By Melissa Ford
Longfellow 2nd and 3rd graders stood riveted as Scientist Sally from Oak Park Education Foundation's Science Alliance program described how the Earth was formed. “4.5 billion years, during a time called the Heavy Bombardment, when the Sun and Earth were just being made, small hunks of rock and bigger hunks of rock and huge hunks smashed together, getting super hot, until finally the Earth was formed.”
She paused, posing a question to her rapt audience, “What happens when your parents put a pot filled with water on the stove?” One little girl, quick to answer, replied, “It boils and then there’s steam!”
“Right!” enthused Scientist Sally. “That’s what happened to all the water on the Earth when the Earth was first made; it boiled away. The Earth was molten rock and when the rocks cooled off, it was super, super dry. Does anyone know where our water came from?”
No one had an answer, yet the anticipation heightened as Scientist Sally continued.
“Our water came from comets and astroids in space that hit the Earth and Moon! That means that the water in the lemonade you drink, the ice rinks you skate on, the pools, rivers, lakes, and oceans you swim in, and the water in our bodies all originally came from comets or asteroids.” The kids jumped up and down with enthusiasm!
“But it gets even better,” Scientist Sally pressed on. “Since water came from comets that means all of us, literally come from outer space or at least the water in our bodies does. So, in some sense, we are aliens; comets are our ancestors!” The kids, waving their arms, roared with excitement, “We’re aliens!”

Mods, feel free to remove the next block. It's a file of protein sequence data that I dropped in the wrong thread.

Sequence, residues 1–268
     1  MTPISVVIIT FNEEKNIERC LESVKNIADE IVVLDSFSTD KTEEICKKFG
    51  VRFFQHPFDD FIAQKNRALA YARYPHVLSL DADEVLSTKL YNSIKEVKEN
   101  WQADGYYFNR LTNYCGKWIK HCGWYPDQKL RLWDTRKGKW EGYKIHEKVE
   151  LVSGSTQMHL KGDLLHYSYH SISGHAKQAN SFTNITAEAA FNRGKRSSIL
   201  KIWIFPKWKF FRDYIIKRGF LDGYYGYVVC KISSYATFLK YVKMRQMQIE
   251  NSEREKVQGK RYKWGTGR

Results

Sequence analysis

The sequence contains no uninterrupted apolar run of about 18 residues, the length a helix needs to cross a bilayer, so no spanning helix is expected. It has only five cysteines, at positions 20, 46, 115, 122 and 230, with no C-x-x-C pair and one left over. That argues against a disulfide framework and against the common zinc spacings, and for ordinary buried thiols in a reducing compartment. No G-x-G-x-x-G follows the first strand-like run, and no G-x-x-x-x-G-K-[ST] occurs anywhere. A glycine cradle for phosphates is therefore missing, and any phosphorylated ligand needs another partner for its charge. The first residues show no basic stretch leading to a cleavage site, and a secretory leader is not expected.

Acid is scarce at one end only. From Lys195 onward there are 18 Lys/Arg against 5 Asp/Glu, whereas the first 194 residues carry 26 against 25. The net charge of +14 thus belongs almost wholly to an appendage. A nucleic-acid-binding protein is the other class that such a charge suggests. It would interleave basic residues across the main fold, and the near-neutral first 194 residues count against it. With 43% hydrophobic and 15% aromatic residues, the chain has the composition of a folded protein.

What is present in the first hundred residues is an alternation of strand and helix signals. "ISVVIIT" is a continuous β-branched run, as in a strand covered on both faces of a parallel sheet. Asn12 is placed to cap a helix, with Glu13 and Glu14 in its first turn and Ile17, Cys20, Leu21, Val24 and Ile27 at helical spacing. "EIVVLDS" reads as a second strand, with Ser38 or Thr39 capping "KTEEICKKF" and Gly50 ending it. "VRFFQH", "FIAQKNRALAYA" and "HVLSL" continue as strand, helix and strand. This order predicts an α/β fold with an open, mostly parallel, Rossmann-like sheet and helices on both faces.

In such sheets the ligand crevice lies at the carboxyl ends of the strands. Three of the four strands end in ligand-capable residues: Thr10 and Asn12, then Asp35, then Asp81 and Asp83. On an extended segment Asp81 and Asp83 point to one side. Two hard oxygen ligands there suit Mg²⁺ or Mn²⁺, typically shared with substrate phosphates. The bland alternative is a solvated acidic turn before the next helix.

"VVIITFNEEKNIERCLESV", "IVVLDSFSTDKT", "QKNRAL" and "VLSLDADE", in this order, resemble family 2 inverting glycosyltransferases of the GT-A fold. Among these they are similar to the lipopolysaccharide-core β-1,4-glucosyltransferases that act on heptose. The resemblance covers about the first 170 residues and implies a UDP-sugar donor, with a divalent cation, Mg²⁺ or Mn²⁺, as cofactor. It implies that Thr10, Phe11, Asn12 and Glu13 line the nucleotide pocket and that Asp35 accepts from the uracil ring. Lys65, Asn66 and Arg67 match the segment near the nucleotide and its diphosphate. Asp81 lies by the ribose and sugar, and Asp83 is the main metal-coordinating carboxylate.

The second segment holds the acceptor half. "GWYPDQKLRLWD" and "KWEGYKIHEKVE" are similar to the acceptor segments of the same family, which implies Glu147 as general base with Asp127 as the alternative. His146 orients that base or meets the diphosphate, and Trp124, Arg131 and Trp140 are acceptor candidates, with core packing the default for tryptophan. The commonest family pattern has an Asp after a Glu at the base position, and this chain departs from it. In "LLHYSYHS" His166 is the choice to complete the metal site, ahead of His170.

“So why are comets important?” she continued. One child shouted, “We would not be alive!” “That’s right,” she confirmed. “Sometimes astronomers call our ancestors, dirty snowballs!” The kids giggled. “How many of you would like to make a comet?” she inquired (as if she had to ask the question).
Hands shot up with kids gleefully screaming, “I do!”
Throughout the morning, Longfellow scientists along with energetic parent-lab assistants created dirty snowballs by mixing water, dirt, frozen carbon dioxide (dry ice), ammonia, and organic matter (or carbon in the form of corn syrup). Much of the excitement was generated by the dry ice creating a theatrical foggy smoke spilling over the mixing bowls filled with comet ingredients. Many scientists were successful in creating the perfect comet while others met with less success. Not to be daunted, these young scientists utilized their comet ingredients to run other experiments that popped into their creative minds.
At the end of the morning, I queried these brilliant Longfellow scientists, seeking insightful discoveries they had gleaned from their experiments. Here are some of their findings:
- Kids can make comets.
- Dry ice makes steam.
- Comets are our ancestors.
- I like to hammer dry ice.
- The steam from dry ice makes breathing hard.
- All three elements - liquid, gas, solid - were in our bowls at one time.
- Water comes from comets.
- Scientist Sally is awesome!
- We are part alien because we come from comets.
And my take-away? I would have enjoyed science a lot more as a kid if Scientist Sally had been my teacher. Enthusiasm, passion, pleasure, and total engagement with these students made this morning a scientific success! I’m grateful to the Oak Park Education Foundation for providing creative, curriculum-enhancing programs for District 97 students.
If you’d like to know more about Oak Park Education Foundation please visit: www.opef.org
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